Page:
“I actually show most of my clients,” Passanante replied. “I do it because I’d rather I tell them than they find it. I have a relationship with them; they know who I am. Believe it or not, when I show them, they’re not even surprised. I’m a little goofy, and they know I do a lot of things. Clients wouldn’t be surprised by the movie, but by the character. I don’t think they’d be able to connect me— maybe in the goofy ways, but not in the ‘no-filter’ sense.”
This is a story of friendship born from a powerful one. In their joint Zoom interview with The Messenger on Tuesday, Carucci and Passanante recalled years of creating outrageous characters for Snapchat and YouTube audiences that would eventually inspire many narrative threads. At a certain point, the world-building resulted in Carucci’s confidence that the amalgamation of Gus’ alternate selves could carry the weight of his second feature-length endeavor— one that tracks as anything but sophomoric.
A couple of years later, now it’s time to promote the little project that could, and would, dream big. All the while, each of them are ready to stipulate whenever applicable, perhaps even to enthralled audiences’ faint disappointment, that some of the more salacious events that occur in the film were not the real thing— a testament to the believability factor consciously baked into the film’s construction.
“It was something we obviously thought about [before shooting],” Passanante said, addressing the elephant in the room – the real Gus is a corporate lawyer who’s now marketing himself front-and-center in a film that people outside of their network could mistake for true crime: a documentation of someone committing some pretty reprehensible offenses.
Reprehensible offenses in the name of unbreakable friendship, mind you, but reprehensible nonetheless.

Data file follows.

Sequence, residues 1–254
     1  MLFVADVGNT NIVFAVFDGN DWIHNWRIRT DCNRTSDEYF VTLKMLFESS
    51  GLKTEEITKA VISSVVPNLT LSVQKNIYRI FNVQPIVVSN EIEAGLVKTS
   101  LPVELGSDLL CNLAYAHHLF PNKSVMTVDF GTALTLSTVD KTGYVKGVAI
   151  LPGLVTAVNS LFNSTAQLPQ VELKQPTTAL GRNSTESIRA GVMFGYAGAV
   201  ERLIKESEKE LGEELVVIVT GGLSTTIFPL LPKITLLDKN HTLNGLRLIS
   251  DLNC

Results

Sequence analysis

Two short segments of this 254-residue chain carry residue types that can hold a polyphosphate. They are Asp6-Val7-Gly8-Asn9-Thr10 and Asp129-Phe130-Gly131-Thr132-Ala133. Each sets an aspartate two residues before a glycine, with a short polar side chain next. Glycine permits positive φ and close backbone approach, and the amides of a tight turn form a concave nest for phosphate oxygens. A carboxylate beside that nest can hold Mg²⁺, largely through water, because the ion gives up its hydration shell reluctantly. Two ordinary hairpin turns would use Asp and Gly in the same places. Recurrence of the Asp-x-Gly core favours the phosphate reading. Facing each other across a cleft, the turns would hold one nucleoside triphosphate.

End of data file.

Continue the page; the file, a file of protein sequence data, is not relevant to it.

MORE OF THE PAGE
“At this point, we’re doing whatever it takes to push the film,” Passanante said. “I considered those risks. It’s unlikely it would have a serious effect. But, I am finally now feeling it. It wasn’t out before, but now it is. And there’s only been positive feedback thus far,” said Passanante.
As there should be. Even before the film’s streaming platform release, the small crew stood rewardingly tall when recognized as the Independent Visions Award “Best Film” recipient at the 2022 Sarasota Film Festival.
Further comparable works include underrated indie efforts The Search for One-Eye Jimmy (1994) and Alpha Dog (2006). Both films are equally as inspired by the works of the visionary Martin Scorsese, namely GoodFellas (1990), just as Carucci is— especially with Long Island Gus’ positively “they’re after me” third act paranoia. Gus transforms into Henry Hill: Smithtown edition right before our eyes.
Direct movie nods, and references of all kinds are rampant throughout the film as well, most often uttered by a supporting character who could easily lead another story within another story’s story for another time.
“Working with Calogero truly was an incredible experience,” John Trischetti, Carucci’s maternal uncle who debuted as an actor in Long Island Gus and also starred in the upcoming, locally-shot Christmas Eve in Miller’s Point, told The Messenger.
“Being an actor with zero experience [at the time], his guidance and support was second to none. He laid out the expectations he had envisioned for the scene and made filming a pure joy,” he added. “Calogero is a person who invests in people. He’s an individual who is well-prepared, hard-working and incredibly talented. When he recognizes the goodness in others, he helps them achieve their dreams and goals. The natural ability and level of talent Calogero possesses is unparalleled and unmatched. I’m so incredibly grateful!”
“It was a movie made with a lot of heart, obviously,” Carucci summarized as the clock sadly ran out on our Zoom call. “It feels like the ultimate Long Island movie. The epitome of Long Island, in the best way.”
Here’s to the rollout campaign that is bound to unravel until the inevitable Eddie and the Cruisers-esque, 20 years down the line sequel. It’s not a definite, but it’s worth noting that Calogero Carucci and the thankfully on-the-grid Gus Passanante did not rule out LI2: Long Island Gus altogether.
“I think it would be a lot of fun,” Carucci said. “We would only make it the way that we made it [on a shoestring budget, like Long Island Gus]. The reason it worked so well is because it was made on nothing. It couldn’t have been made this way if I made it on $1 million… an authentic, 2-person, 3-person crew.”
Long Island Gus is currently available to stream for rental and purchase – from only $4.99 to $9.99 – on Amazon Prime Video. Show and tell your friends and your friends’ friends.